The Federal Territories and Selangor Islamic Religious Councils have no direct interest and are not “proper persons” to intervene on the right of a Sarawakian woman to use the Arabic word “Allah” for “God” in her Christian religious practices.
Jill Ireland, in opposing the application by the councils, said her judicial review before a High Court in Kuala Lumpur only touched on her constitutional right to equality before the law and her freedom to practice her faith.
She said this in affidavits sighted by The Malaysian Insider ahead of the councils’ application to be made parties to the judicial review to be heard this Monday.
She said the Federal Territories Islamic Administration Act 2004 and the Selangor Islamic Administration Enactment 2003 only governed Muslims in those jurisdictions.
“As a non-Muslim, I am not governed by the law even though residing in Kuala Lumpur,” she said in her affidavits.
She said if the applications were allowed, the parties would raise unnecessary issues and give the impression that there was a conflict between Islam and other religions.
In August last year, the Federal Territories Islamic Religious Council (MAIWP) filed an application to intervene in Ireland’s judicial review.
The following month, the Selangor Islamic Religious Council (MAIS) made a similar application.
Ireland, a clerk and from the Melanau indigenous tribe, said her rights were infringed following a 1986 Home Ministry order which prohibited the use of the word “Allah” in Christian publications, including in the eight compact discs that were seized from her possession.
The government returned the materials in September following an order by the Court of Appeal.
Ireland, represented by lawyer Annou Xavier, said the order to bar her from being in possession of such materials was enforced through the Printing, Presses and Publications Act 1984.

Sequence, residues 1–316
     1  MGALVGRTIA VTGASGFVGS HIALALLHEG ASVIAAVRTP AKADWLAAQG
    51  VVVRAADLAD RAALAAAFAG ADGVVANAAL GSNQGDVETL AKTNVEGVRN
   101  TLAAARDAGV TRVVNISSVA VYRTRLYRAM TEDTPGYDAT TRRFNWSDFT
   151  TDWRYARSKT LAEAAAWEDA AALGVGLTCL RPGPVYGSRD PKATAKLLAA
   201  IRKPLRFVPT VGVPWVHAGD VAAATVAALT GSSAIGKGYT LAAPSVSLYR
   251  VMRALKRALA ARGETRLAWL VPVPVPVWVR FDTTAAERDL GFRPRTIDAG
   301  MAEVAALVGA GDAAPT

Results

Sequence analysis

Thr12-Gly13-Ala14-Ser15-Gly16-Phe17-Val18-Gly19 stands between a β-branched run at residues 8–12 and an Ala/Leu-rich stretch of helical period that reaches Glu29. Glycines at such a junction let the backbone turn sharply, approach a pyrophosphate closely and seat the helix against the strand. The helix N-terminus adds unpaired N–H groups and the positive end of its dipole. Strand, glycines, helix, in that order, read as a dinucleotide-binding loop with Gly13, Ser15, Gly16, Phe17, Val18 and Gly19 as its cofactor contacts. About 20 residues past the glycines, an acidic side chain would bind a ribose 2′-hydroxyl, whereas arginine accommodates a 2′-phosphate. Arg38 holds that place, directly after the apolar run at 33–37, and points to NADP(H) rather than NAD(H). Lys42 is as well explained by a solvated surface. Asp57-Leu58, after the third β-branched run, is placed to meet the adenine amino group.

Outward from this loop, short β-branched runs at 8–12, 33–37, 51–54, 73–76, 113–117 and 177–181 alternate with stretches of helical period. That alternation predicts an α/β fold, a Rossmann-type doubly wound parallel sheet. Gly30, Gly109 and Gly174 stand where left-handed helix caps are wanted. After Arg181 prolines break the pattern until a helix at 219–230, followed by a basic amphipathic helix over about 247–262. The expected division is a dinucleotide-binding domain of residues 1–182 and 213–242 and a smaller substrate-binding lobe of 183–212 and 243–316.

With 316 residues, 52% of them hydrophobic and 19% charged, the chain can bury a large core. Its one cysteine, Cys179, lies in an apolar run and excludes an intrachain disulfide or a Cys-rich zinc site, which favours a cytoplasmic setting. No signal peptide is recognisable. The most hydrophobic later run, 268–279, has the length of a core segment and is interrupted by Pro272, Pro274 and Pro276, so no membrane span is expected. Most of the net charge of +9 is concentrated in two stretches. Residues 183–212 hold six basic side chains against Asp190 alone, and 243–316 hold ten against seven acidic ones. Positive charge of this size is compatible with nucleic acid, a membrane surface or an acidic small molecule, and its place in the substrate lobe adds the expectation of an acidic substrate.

Ireland said MAIWP could only hold a watching brief to advice the Yang di-Pertuan Agong who is the head of the religion in the Federal Territories of Kuala Lumpur, Labuan and Putrajaya.
She said a senior federal counsel, who is appearing on behalf of the Attorney-General, could raise the concern of MAIWP.
“This is because the A-G is the chief legal adviser to the Federal government,” she said.
Ireland said MAIS’s role was to advice the Sultan of Selangor relating to the Islamic religion in the state.
Ireland said the parties were also late in filing the action and had failed to give cogent reasons why the applications were made late, claiming they were filed with the intention of delaying proceedings.
She filed her action against the Home Minister and Putrajaya in August 2008.
On June 23 last year, a three-man Court of Appeal bench chaired by Datuk Tengku Maimun Tuan Mat declined to hear Ireland’s appeal whether her constitutional right was violated by the government for refusing to allow the use of the word.
Instead, the bench ordered Ireland’s constitutional rights under Article 8 and 11 of the constitution to be decided by a new judge in the High Court.
Ireland filed an appeal to exert her constitutional right to use “Allah” after the government appealed a High Court’s ruling to return eight CDs seized at the then low-cost carrier terminal in Sepang in 2008.
In seeking a judicial review against the seizure, Ireland had also asked for a declaration that she had a legitimate expectation to exercise the right to use “Allah” and to continue to own and import such materials.
The word “Allah” is widely used by Christians in Sabah and Sarawak, and groups in the two states said that any ban on its use was a violation of the freedom of religion and the 1963 Malaysia Agreement. – January 9, 2016.